By Leticia Maldonado/Stamos
“Town hall meetings, also referred to as town halls or town hall forums, are a way for local and national politicians to meet with their constituents, either to hear from them on topics of interest or to discuss specific upcoming legislation or regulation.”
Hmmm, that wasn’t how ours went down.
When this process of calling for a town hall meeting started weeks ago, it was made clear that our elected official in the person of Duncan Hunter was not interested in meeting with us. One of his staff people came right out and said that Hunter was not going to listen to any of our “crap” — his word, not mine.
Then when word was out that the meeting would take place, and it would be held in Ramona of all places, it became crystal clear that this representative of mine was going to make it very difficult for me, his constituent, to attend.
There isn’t a venue more centrally located for his constituents to meet with him? But attend I would. The hall would hold maybe 200 people, so now not only would I have to drive for an hour to get there, I would have to arrive no less than three hours early and stand in line. And I would do that as well.
This neutral hall where the public would be meeting had a “Don’t Tread on Me” flag draped in its front window instead of an American flag, but I would not be intimidated.
We finally are allowed inside, but not before half a dozen Trumpers were allowed to cut in line in front of us. If I were the 200th person in line from which no one else was allowed in, I would have been very upset. But we were trying our very best to be mature, responsible and respectful citizens so we didn’t raise hell.
We got seats in the second row as the first one was reserved for veterans that were coming from San Diego. As the San Diego group hadn’t arrived by the start of the town hall, another group of “so-called veterans” were brought in and given these front row seats. Fine, no problem. After all, they are veterans, right?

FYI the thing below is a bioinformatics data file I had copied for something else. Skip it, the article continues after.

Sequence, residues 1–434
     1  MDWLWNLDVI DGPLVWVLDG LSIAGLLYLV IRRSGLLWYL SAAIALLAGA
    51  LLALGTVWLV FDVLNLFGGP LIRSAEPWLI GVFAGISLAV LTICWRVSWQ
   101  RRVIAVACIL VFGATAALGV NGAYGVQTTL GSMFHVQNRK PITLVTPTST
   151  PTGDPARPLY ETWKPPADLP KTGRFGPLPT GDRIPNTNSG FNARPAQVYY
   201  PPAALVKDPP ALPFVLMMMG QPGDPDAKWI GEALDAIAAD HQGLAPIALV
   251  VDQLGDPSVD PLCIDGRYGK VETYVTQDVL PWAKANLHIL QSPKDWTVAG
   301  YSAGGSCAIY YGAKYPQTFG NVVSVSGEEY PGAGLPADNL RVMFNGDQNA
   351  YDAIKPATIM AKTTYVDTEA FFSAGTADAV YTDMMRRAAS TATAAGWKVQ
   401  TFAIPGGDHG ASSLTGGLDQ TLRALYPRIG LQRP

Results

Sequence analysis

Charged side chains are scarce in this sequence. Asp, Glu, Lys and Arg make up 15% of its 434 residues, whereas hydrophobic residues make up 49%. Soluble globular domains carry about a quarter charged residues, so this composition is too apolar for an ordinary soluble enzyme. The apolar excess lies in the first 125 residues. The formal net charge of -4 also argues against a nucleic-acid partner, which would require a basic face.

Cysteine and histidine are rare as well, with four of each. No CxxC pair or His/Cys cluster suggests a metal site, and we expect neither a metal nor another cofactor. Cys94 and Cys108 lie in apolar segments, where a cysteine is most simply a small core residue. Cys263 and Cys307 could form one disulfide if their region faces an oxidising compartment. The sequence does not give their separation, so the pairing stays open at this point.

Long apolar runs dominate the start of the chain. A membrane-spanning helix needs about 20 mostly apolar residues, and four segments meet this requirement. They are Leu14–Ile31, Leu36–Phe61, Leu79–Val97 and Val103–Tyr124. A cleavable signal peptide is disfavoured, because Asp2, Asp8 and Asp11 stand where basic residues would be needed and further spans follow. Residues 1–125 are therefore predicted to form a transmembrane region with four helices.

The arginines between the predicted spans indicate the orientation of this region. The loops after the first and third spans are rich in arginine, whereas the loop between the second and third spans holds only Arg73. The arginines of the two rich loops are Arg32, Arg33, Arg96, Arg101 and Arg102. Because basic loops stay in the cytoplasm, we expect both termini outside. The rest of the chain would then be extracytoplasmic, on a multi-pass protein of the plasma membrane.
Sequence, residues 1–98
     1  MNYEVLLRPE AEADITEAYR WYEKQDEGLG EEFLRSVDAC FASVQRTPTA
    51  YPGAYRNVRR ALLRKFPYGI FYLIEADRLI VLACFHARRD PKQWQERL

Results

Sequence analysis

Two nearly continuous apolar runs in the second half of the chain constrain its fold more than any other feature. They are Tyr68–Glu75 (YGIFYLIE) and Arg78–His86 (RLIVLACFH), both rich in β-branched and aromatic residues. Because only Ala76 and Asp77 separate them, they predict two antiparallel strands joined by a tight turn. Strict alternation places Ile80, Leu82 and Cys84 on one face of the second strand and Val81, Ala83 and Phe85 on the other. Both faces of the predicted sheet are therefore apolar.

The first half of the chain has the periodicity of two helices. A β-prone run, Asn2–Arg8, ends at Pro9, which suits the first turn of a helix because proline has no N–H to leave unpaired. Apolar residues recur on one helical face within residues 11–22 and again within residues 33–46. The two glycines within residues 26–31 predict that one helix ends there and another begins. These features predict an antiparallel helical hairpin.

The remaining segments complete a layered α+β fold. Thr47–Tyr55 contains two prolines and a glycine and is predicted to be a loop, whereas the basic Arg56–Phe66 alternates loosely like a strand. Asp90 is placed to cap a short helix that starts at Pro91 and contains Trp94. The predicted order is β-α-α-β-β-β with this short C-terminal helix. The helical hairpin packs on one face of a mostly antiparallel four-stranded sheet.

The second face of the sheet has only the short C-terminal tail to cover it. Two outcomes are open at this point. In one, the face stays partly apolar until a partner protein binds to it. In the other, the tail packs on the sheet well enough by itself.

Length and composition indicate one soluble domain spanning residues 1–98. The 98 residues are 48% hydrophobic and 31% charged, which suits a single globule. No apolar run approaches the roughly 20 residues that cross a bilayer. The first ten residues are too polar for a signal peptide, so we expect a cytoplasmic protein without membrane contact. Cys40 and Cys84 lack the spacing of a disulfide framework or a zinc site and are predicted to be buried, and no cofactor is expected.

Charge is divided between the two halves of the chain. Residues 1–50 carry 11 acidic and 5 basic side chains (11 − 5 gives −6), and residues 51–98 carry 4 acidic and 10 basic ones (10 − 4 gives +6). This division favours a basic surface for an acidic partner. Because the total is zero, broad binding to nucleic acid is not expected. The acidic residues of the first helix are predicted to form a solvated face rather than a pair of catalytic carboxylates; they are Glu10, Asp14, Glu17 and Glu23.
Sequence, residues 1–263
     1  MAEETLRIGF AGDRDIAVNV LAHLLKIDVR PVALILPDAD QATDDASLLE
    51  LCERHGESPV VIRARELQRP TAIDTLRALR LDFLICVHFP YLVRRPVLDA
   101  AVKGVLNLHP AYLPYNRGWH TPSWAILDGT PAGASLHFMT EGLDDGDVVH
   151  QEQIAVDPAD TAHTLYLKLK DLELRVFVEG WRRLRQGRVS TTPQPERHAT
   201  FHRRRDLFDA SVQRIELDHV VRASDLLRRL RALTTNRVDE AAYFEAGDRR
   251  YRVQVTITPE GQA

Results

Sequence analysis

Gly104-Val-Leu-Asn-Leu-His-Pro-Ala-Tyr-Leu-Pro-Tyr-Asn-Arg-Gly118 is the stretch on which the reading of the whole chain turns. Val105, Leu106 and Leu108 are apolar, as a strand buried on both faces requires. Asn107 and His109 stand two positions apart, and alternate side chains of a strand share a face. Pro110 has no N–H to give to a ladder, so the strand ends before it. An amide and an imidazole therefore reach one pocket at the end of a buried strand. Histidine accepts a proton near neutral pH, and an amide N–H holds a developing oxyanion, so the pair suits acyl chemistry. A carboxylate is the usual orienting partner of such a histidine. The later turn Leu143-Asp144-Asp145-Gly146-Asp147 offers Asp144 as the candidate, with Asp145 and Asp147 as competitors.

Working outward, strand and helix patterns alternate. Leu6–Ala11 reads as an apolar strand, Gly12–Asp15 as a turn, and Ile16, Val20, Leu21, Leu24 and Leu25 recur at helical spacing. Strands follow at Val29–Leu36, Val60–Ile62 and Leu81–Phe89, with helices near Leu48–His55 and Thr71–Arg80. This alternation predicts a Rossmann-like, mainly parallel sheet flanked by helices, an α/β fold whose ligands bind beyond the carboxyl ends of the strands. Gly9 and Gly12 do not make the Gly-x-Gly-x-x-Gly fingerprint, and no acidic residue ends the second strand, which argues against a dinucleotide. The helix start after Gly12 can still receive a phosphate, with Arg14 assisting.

Before the program even started, we knew their mission — to shout down anyone who they disagreed with. One took a business card of Patrick Malloy’s, tore it to shreds and threw them on the floor. Ooookaaay.
The gentleman who gave the invocation uttered the first and last words of unity that were to be heard from the stage and most of the floor. Bless his cotton-picking heart!
Hunter started by praising Trump and it continued on in that vein from there. I never felt that he was there to listen to concerns and answer questions but to let us know that he is the congressman and he will represent his interests, “end of story.”
So how do I think it went? I do not believe he was prepared to deal with his constituents nor to listen to concerns. Half the time he was talking nonsense (such as: Anyone can just walk up to an ICE agent and ask to be let into the U.S. at the border and in they come).
Other times he was just saying what he believes in and will work toward (“Everyone will have access to health care, not necessarily be able to afford it”) and tough if we don’t like it. However, I think it was a great experience as a civics lesson for so many people who have never attended a town hall meeting, a living example of the responsibility we all have to PARTICIPATE and be a part of the change we want to see.
The chaos and shout-downs were disheartening, no doubt about it. At one point, the front line “veterans” who had been yelling for us to shut up since the start of the meeting, stood up and faced us, the audience, with threatening scowls on their faces.
That was more than I was going to put up with. So I stood up too. Now one is yelling at me to sit down. So he could stand up but I couldn’t? He was not going to push me nor mine around. I almost said, “You are not the boss of me.” That’s how silly the whole thing was.
A cameraman from KUSI was escorted out by deputies, for who knows for what, but it couldn’t have been more serious than what these “so-called veterans” did. They were a terrible example, if that was why Hunter’s staff put them in front.
I think Hunter knows there are many, many people who are not happy with what is happening in Washington and the part he is playing and that we will work to get him out. As disheartened as I was, it was also overwhelmingly encouraging to see how people of all walks of life are being motivated to work for change.
I’m a senior citizen now and have led a life of activism, so to see that this country is still filled with people who love America and will work to keep its values of inclusion and prosperity intact is spiritually uplifting. We are doing Jesus’ work because when I ask myself, “What would Jesus do?” this is it.
Leticia Maldonado/Stamos is a longtime Fallbrook resident.
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